The threat posed by failed states, therefore, need not emanate mainly from within. After all, by definition a failed state is no longer an actor capable of conducting a foreign policy. It is a politically inert geographic area whose fate is dependent on the actions of others. The main menace to international security stems from competition between these “others.” As Arnold Wolfers put it in 1951, because of the competitive nature of international relations, “expansion would be sure to take place wherever a power vacuum existed.”8 The challenge is that the incentive to extend control over a vacuum or a failed state is similar for many states. In fact, even if one state has a stronger desire to control a power vacuum because of its geographic proximity, natural resources or strategic location, this very interest spurs other states to seek command over the same territory simply because doing so weakens that state. The ability to deprive a state of something that will give it a substantial advantage is itself a source of power. Hence a failed state suddenly becomes a strategic prize, because it either adds to one’s own power or subtracts from another’s.
Loss of U.S. troops will lead to multiple sectarian conflicts as well as an effort by many middle eastern countries, namely Iran and Syria, to shape Iraq as a territorial pawn shattering U.S. legitimacy.
Citing Assistant Proffessor Veysel Ayhan, June 11 2010 (Expert Warns U.S. withdrawal, http://www.theiraqidinar.com/expert-warns-us-withdrawal-may-have-dire-consequences-for-war-torn-iraq/)
Ayhan draws a pretty pessimistic sketch of the impact in 2012 of a probable withdrawal of the US from Iraq; he holds that such a withdrawal would lead to a bloody internal war and even regional warfare that will affect the entire region. “The SOFA [Status of Forces Agreement] signed on Nov. 17, 2008 envisages a gradual withdrawal of American forces from Iraq by Dec. 31, 2011.
Therefore, if no unexpected developments take place, the American military presence in Iraq will be over by January 2012. It is obvious that the US failed to maintain security in this country; it is also obvious that the US failed to have a political, economic or military influence in Iraq. The state of instability and chaos in Iraq may result in the emergence of the need for further American protectionism. At this point, the increase of the American military presence in Gulf countries may be taken into consideration.”
Noting that the country is becoming more instable as the time for the withdrawal approaches, Ayhan asserts that the violent groups are preparing for warfare in the aftermath of the withdrawal. “The year 2012 points to serious uncertainties and dangers; the most visible threat and danger is that the country may be dragged into a state of internal warfare in a post-US period. The primary factor that will prevent the eruption of a bloody internal war is the American military presence in the country. … Therefore, 2012 may be the start of a bloody civil war that will lead to the partition of Iraq.”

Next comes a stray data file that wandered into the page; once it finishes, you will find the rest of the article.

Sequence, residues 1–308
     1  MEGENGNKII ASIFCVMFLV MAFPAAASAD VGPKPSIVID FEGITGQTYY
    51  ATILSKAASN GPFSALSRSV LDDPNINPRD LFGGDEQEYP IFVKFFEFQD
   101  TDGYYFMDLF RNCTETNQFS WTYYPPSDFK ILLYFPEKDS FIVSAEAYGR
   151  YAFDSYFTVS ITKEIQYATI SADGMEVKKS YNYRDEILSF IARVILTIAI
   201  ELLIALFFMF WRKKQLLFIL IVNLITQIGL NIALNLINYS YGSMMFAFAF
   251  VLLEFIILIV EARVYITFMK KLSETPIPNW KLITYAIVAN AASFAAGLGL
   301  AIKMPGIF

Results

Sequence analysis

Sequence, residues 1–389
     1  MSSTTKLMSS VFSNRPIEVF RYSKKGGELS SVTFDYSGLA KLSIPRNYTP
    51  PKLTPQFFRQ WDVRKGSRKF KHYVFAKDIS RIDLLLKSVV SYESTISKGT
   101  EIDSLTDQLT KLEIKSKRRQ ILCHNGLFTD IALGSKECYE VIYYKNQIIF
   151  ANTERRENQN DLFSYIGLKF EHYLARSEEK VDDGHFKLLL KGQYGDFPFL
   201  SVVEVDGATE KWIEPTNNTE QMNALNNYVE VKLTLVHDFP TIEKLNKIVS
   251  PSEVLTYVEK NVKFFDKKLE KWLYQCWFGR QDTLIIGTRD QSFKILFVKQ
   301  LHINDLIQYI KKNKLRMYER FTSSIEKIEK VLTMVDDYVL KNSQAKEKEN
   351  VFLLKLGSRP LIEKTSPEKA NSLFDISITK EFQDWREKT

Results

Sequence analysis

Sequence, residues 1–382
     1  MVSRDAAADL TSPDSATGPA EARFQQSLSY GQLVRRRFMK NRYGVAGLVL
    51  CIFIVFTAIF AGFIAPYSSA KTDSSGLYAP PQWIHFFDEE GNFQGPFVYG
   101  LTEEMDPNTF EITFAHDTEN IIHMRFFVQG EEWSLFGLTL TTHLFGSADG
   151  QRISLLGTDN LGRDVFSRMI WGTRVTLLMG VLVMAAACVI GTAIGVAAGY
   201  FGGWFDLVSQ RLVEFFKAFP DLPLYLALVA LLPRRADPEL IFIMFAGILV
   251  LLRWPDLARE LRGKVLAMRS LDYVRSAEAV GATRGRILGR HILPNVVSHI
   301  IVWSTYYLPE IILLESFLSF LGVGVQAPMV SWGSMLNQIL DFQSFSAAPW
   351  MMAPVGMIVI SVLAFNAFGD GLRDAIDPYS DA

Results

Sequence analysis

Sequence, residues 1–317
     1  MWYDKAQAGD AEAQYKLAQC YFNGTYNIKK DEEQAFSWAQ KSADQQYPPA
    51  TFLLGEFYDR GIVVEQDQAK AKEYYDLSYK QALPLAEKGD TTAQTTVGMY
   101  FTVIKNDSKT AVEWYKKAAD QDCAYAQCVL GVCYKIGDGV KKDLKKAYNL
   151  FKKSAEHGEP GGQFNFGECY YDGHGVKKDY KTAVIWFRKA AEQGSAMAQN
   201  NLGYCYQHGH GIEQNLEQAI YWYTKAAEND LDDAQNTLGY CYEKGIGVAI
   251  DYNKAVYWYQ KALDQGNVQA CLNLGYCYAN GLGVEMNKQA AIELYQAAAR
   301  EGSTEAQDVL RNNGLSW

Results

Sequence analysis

Arguing that a wholesale withdrawal would not be proper, Ayhan asserts that Iraq would not be the same after such a withdrawal and adds that a UN intervention may be considered in such a case. Asked how Iraq would look if this scenario was realized , Ayhan speaks of two options: “Iraq may be divided into three, four or more parts. Or, other countries in the region may expand to conquer Iraqi territory. Obviously, this would not happen peacefully.”
Noting that both scenarios will closely affect a number of countries including Turkey, Ayhan stresses that the greatest danger will be witnessed when other countries in the region seek to influence Iraq in the fulfillment of their own interests and goals. “The fact that Iraq accused Syria after a deadly wave of attacks carried out in the Green Zone in Baghdad, Iran’s influence over the Shiite groups in the country and Turkey’s attempt to open a consulate in the Kurdish region should be viewed as attempts by regional countries to maintain control and expand their sphere of influence in the country.”
Noting that the countries in the region do not have a common policy on Iraq, Ayhan stresses that the decisions taken at meetings of countries neighboring Iraq did not reflect the presence of a common resolution. Arguing that the countries in the region have conflicting interests with respect to Iraq, Ayhan further says: “For regional countries, it is hard to find a any common ground with respect to the future of Iraq. These countries have differing views and ambitions over the territorial integrity of Iraq, its constitutional, administrative and political order as well as the representation of religious sects in the political power.”